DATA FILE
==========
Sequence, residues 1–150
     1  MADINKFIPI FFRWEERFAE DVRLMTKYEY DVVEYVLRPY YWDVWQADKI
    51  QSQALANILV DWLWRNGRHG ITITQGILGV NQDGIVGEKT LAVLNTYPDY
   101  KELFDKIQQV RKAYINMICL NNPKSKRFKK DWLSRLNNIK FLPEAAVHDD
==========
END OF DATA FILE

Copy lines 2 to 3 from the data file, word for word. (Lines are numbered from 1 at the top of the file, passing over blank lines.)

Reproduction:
     1  MADINKFIPI FFRWEERFAE DVRLMTKYEY DVVEYVLRPY YWDVWQADKI
    51  QSQALANILV DWLWRNGRHG ITITQGILGV NQDGIVGEKT LAVLNTYPDY